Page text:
"A person who sells a plate or other device which is not a registration plate".

That wording seems rather complicated. I accept the points the Minister has made in that regard, but I am unhappy about his comments on Amendment No. 51 which seeks to widen the effect of the Bill to include transfer. We shall need to return to that point as there is a big gap in the Bill. However, my amendments are not the right way to tackle that. As I say, we shall return to that point at a later stage. I beg leave to withdraw the amendment.

Amendment, by leave, withdrawn.

[Amendments Nos. 51 to 53 not moved.]

Clause 28 agreed to.

Clause 29 [Offence of supplying plates etc. to unregistered persons]:

[Amendments Nos. 54 and 55 not moved.]

Clause 29 agreed to.

Clause 30 [Proceedings for offences under Part 2]:

Lord Cope of Berkeley moved Amendment No. 56:


    Page 16, line 31, leave out "a local authority or".

The noble Lord said: This clause concerns how proceedings for offences under Part 2--that is, all the offences concerned with number plates--are to be

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instituted. It provides that proceedings for an offence can be instituted only by a local authority or a constable or,


    "in any other case, with the consent of the Attorney General".

Therefore, private prosecutions cannot be brought without the approval of the noble and learned Lord the Attorney-General. The amendment examines the local authority's role in all of this. It seems to me that most of this part is to be policed by the Secretary of State, normally through the Driver and Vehicle Licensing Agency (DVLA), with the police prosecuting various offences, but on occasion a local authority is responsible for this matter. We have already mentioned trading standards officers or other authorised individuals being able to enter premises.

It would be helpful if the Minister could make clear when local authorities will be responsible for this matter. Are they to be responsible for running the system locally even though it is the Secretary of State's responsibility, or is the DVLA to run the system and local authorities will just give a hand, as it were, now and then and bring the occasional prosecution? The fact that the words "a local authority" appear before the words "a constable" in the clause suggests that the local authority will play the major role. However, I may be reading too much into the Bill. I should like to be clear whose responsibility it will be to manage the system. Will it be the responsibility of the DVLA with the assistance of the police or will the system be run by local authorities who will pursue those who may contravene the provisions of the Bill? I beg to move.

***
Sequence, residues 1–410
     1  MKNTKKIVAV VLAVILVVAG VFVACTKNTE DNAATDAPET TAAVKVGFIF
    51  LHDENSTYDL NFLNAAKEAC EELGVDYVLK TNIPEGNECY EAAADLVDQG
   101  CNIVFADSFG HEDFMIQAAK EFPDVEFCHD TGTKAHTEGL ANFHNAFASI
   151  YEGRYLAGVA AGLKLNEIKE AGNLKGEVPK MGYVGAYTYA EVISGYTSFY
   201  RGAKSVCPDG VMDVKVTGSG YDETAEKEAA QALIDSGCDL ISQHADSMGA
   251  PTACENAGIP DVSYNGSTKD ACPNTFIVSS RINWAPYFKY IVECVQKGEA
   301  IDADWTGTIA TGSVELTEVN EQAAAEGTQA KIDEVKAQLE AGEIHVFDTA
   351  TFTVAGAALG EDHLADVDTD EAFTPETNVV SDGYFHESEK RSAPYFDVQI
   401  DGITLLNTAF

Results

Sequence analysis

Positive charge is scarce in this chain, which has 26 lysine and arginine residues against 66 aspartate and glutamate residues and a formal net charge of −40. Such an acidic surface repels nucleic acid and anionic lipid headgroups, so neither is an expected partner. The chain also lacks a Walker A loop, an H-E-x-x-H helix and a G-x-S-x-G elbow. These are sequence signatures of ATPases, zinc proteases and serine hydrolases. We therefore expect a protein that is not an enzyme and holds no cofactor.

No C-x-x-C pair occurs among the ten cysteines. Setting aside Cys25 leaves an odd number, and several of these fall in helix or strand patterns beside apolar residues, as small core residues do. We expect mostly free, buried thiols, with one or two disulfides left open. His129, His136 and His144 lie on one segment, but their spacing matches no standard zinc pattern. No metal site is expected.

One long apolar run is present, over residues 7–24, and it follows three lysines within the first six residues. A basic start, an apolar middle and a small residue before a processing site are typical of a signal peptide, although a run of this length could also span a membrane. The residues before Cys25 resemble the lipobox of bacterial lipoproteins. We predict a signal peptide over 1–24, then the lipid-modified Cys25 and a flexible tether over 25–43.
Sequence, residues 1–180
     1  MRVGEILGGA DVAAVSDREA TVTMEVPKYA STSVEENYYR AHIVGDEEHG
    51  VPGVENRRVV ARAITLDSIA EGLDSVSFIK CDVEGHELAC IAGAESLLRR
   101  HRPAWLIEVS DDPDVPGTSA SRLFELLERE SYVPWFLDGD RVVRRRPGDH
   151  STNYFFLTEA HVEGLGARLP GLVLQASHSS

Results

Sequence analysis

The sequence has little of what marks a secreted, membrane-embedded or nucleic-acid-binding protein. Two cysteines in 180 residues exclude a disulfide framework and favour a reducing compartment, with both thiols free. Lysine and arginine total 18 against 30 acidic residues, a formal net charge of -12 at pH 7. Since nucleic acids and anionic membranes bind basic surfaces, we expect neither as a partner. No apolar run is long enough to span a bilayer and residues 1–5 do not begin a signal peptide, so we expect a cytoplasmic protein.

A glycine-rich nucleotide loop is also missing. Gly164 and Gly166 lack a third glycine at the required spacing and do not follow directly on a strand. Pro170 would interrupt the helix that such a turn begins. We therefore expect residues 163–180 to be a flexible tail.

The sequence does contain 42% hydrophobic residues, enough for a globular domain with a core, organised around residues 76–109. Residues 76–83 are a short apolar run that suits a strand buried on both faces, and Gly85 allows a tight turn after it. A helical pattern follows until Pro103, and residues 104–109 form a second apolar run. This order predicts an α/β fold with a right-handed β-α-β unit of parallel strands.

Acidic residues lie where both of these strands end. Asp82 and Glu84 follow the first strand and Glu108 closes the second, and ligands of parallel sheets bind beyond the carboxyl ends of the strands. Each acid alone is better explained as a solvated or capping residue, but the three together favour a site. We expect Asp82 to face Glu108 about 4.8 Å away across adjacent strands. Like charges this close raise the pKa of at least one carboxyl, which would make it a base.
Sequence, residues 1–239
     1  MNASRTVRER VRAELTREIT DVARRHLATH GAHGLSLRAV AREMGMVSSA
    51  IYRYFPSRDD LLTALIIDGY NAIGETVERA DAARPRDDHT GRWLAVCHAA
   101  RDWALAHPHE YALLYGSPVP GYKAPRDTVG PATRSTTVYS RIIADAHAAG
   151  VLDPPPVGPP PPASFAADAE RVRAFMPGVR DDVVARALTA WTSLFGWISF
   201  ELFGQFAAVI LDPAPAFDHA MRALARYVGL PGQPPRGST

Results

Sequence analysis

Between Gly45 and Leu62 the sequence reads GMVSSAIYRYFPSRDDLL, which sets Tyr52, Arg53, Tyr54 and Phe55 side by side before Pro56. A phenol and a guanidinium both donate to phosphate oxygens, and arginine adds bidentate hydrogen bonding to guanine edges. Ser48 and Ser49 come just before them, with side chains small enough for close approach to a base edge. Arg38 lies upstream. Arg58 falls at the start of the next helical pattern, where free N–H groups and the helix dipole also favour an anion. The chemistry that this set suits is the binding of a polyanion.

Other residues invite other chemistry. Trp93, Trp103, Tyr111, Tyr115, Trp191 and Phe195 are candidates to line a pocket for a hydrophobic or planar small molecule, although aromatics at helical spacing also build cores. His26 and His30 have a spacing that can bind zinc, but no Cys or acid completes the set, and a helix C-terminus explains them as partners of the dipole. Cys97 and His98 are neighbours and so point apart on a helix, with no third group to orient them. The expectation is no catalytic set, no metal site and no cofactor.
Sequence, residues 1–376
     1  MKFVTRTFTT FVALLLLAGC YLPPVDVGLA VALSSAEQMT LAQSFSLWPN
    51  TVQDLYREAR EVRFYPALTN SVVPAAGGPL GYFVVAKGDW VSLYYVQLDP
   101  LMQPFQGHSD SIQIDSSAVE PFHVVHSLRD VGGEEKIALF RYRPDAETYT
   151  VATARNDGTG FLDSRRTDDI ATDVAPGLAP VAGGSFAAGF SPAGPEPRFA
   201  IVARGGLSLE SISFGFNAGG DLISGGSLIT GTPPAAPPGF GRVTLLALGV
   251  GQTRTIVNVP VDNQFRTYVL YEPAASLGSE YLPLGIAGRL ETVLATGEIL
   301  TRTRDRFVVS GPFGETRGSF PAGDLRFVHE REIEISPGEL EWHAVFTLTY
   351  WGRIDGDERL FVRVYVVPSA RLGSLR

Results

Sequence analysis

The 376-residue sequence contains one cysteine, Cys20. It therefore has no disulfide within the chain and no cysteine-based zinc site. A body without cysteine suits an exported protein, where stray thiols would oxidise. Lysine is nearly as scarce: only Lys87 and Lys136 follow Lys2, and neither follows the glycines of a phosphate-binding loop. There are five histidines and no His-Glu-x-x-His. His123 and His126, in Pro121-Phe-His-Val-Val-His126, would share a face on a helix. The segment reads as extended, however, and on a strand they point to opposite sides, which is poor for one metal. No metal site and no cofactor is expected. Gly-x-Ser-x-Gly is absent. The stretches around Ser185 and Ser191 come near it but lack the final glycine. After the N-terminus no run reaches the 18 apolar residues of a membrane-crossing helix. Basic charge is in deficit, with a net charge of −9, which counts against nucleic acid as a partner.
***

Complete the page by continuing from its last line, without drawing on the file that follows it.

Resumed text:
Lord Brougham and Vaux: I support my noble friend. Clauses 17, 18 and 19, which concern registration, appear to involve the Secretary of State. Local authorities do not appear to be involved. My noble friend has made a valid point.

Lord Whitty: The DVLA will be responsible for the administration of the register. However, enforcement, as with other DVLA offences, will often, in the first instance, rest with the police. The case for allowing local authorities to bring prosecutions is that they may well enter the relevant premises to investigate other trading offences--trading standards officers will be involved--and if the register is to be of any value in combating crime it must be as accurate as possible. Any sources of information as regards enforcement would be helpful. We believe that if we give both the police and local authorities the right to take proceedings that will increase the enforcement opportunities and hence compliance with the registration requirements.

The Local Government Association has been fully consulted on this matter. It has requested that local authorities' trading standards officers should be authorised persons in this respect who may be in the relevant premises on other business. It has requested that local authorities should be given powers to bring prosecutions. Therefore, we have included the

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provision we are discussing which will help to enhance enforcement on the ground. I hope that I have given the noble Lord sufficient explanation.

Lord Cope of Berkeley: Therefore the DVLA and the police will be responsible for the system and local authorities will be responsible only in so far as they may come across an offence. That makes the position clear although it does not explain why the words "a local authority" appear before the words "a constable" in the clause. However, I shall not press the Minister on that fine point of drafting. I beg leave to withdraw the amendment.

Amendment, by leave, withdrawn.

Clause 30 agreed to.

Clause 31 [Interpretation of Part 2]:

[Amendment No. 57 not moved.]

Clause 31 agreed to.

Clause 32 agreed to.